Cabinet makes coal-fired plants run harder, ‘risk of doing nothing is too great’

The cabinet will let coal plants run harder again in the coming period. According to Minister Jetten for Climate and Energy, the cabinet chooses this to prevent households from being left out in the cold this winter. By making the plants run harder, less natural gas is used. There is no shortage of gas yet, Jetten emphasized at a special press conference, but โ€œthe risk of doing nothing is too greatโ€.

In less exceptional times, we would not think about this, according to Jetten, who announced the โ€œfirst level of the gas crisisโ€. โ€œWhile Putin continues the terrible war in Ukraine, he is increasingly using gas as a means of power. The risk of gas shortages in Europe increases as Putin keeps rolling back the gas tap.โ€

At the same time, the cabinet makes an urgent appeal to industry and households to save as much energy as possible. Large gas consumers are faced with a temporary gas saving scheme.

No drilling in Groningen

Drilling for gas in Groningen to maintain stocks is now not the issue as far as the cabinet is concerned. State Secretary Vijlbrief once again said at the press conference that the crane in Groningen will only open extra if safety is at stake. For example, if in our country or in neighbouring countries, the energy supply in hospitals and care homes is in close quarters, Groningen would be an option for the cabinet. โ€œBut as a last resort. Groningen is on the pilot light. Production sites are not closed yet, but it is really the plan to close the fields in 2023 or 2024,โ€ says Vijlbrief.

Yesterday, the German government already adopted a package of emergency measures to maintain gas supplies in winter. A third of German gas comes from Russia and the neighboring country expects trouble as Russian gas company Gazprom announced in May to a large extent shutting down the gas tap to Europe. Germany is therefore going to make coal-fired power plants run faster and ask the industry to use less gas to cope with the shortages.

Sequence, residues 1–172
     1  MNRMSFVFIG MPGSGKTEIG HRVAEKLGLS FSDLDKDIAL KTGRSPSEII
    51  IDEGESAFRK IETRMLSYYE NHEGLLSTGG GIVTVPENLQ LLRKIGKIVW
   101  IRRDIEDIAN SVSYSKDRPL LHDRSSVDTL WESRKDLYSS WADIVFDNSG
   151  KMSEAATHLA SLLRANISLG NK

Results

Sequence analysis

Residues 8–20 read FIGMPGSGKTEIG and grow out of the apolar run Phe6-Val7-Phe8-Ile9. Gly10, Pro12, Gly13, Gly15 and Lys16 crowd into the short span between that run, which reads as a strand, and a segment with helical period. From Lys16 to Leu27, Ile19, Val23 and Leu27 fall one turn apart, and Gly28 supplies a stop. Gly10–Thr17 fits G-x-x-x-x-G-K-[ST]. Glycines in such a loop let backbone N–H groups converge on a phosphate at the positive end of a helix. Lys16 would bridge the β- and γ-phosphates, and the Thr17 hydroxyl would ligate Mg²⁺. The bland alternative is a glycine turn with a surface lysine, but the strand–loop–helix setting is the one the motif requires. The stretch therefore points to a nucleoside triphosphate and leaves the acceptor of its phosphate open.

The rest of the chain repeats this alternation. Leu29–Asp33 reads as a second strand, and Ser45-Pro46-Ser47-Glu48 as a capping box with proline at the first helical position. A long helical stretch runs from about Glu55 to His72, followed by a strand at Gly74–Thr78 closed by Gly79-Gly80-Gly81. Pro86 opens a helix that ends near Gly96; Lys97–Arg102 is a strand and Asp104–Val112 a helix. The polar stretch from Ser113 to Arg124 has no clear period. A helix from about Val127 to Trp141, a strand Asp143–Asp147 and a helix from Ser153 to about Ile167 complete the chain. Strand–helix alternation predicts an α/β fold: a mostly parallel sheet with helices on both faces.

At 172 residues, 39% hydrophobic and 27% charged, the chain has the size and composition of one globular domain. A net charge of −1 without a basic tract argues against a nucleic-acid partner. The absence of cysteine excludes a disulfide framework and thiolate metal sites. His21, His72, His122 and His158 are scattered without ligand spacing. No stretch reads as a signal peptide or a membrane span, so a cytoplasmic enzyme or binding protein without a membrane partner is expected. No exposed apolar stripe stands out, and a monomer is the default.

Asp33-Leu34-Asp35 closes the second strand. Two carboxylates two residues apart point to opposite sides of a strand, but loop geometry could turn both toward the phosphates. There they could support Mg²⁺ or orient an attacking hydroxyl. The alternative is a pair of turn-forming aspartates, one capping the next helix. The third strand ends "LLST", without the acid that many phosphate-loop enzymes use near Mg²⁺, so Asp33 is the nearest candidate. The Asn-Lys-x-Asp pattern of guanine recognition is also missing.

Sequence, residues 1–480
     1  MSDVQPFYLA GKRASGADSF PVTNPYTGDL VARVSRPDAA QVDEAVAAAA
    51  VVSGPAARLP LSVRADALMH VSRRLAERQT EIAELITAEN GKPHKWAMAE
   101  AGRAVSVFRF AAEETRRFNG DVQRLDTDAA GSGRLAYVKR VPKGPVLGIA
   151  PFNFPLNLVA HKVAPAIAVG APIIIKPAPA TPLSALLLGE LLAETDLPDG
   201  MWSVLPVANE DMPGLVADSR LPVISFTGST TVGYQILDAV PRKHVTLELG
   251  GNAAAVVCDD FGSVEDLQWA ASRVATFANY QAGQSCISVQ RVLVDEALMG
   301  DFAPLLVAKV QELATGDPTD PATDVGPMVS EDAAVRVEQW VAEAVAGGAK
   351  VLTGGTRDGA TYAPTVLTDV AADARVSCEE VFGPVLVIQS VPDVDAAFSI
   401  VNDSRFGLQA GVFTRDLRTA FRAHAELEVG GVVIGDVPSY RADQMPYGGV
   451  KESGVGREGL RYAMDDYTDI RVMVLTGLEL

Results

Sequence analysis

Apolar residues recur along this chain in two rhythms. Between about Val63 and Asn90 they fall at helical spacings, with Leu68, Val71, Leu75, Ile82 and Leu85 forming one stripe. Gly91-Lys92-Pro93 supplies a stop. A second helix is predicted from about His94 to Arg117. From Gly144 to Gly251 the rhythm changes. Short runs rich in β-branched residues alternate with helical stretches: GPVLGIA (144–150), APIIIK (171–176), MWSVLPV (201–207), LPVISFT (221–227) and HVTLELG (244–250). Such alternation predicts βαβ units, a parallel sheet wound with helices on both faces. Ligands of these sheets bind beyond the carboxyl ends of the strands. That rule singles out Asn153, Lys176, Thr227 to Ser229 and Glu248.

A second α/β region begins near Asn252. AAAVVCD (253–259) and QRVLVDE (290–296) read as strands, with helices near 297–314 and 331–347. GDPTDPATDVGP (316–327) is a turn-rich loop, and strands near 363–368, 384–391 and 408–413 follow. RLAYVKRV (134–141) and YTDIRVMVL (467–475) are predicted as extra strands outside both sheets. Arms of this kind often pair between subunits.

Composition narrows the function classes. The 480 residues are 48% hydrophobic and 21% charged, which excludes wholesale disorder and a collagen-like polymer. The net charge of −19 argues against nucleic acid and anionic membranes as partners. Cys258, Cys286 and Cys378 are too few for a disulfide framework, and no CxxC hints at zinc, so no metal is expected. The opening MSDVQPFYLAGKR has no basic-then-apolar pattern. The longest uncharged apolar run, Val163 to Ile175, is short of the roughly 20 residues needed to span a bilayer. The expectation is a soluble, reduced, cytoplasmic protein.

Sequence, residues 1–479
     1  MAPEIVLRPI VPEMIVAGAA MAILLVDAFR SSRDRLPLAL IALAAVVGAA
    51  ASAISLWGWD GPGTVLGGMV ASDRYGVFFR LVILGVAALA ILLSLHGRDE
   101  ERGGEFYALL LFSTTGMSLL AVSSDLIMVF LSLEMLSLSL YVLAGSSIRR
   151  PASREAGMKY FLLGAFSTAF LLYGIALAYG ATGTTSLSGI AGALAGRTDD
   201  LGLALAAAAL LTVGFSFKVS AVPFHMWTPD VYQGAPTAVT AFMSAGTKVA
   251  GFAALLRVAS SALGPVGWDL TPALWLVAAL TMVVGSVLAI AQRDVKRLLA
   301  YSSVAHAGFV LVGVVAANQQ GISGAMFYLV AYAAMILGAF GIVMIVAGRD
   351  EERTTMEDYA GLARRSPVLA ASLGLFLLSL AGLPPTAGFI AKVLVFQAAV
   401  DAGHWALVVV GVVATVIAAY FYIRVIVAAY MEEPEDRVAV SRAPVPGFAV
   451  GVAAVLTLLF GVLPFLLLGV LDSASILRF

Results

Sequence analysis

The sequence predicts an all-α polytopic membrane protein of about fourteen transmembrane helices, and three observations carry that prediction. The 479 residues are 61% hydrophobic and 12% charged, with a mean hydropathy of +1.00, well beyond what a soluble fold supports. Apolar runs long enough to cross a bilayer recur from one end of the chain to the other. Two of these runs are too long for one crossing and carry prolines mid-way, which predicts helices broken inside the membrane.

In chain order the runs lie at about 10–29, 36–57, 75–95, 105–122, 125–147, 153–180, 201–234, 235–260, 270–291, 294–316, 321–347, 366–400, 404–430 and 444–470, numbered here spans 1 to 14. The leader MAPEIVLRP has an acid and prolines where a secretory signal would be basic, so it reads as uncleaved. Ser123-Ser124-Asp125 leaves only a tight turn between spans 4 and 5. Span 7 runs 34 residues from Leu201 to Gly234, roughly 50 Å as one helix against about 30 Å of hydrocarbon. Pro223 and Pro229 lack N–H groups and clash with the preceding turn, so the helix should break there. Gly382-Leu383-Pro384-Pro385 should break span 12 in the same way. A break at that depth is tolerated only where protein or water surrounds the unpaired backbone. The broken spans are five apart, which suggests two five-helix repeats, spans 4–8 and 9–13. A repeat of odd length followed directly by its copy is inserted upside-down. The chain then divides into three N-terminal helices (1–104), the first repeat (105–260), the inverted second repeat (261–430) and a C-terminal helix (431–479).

Coal plants at up to 35 percent

Compared to Germany, the Netherlands is less dependent on Russian gas, but still wants to take measures in time to maintain the gas supply for the winter. The additional problem is that the three Dutch coal-fired plants should not just be turned up. The law stipulates that Dutch coal plants can run at a maximum of 35 percent of their capacity in order to limit CO2 emissions. The cabinet now wants to change that.

Jetten couldnt tell what percentages the capacity goes to. In a few weeks, the plants will be able to run harder. Coal must also be smashed. For the time being, the measure lasts until 2024.

Check out what Minister Jetten and Secretary of State Vijlbrief said about the measures:

After the sweeping decision of the Russian Gazprom at the end of May, coalition parties CDA and VVD already urged to change the law as soon as possible, so that the Dutch coal plants can quickly produce above that legal maximum if necessary. โ€œWe are not allowed to play Russian roulette with gas security,โ€ VVD MP Erkens insisted.

Coalition party D66 did not agree with the CDA and VVD and did not want to talk about coal-fired power plants, due to the additional CO2 emissions. At the time, D66 said that it was not the case and demanded compensatory measures when the situation would become dire. According to sources, that situation has now arisen.

Minister Jetten says that the cabinet does not โ€œlose sight ofโ€ the climate goals. The cabinet wants to reduce CO2 emissions by 55 percent by 2030, and now that the plants are allowed to run harder again, more measures must be taken to limit these CO2 emissions. Jetten said he hoped to come up with these additional measures around Prinsjesdag.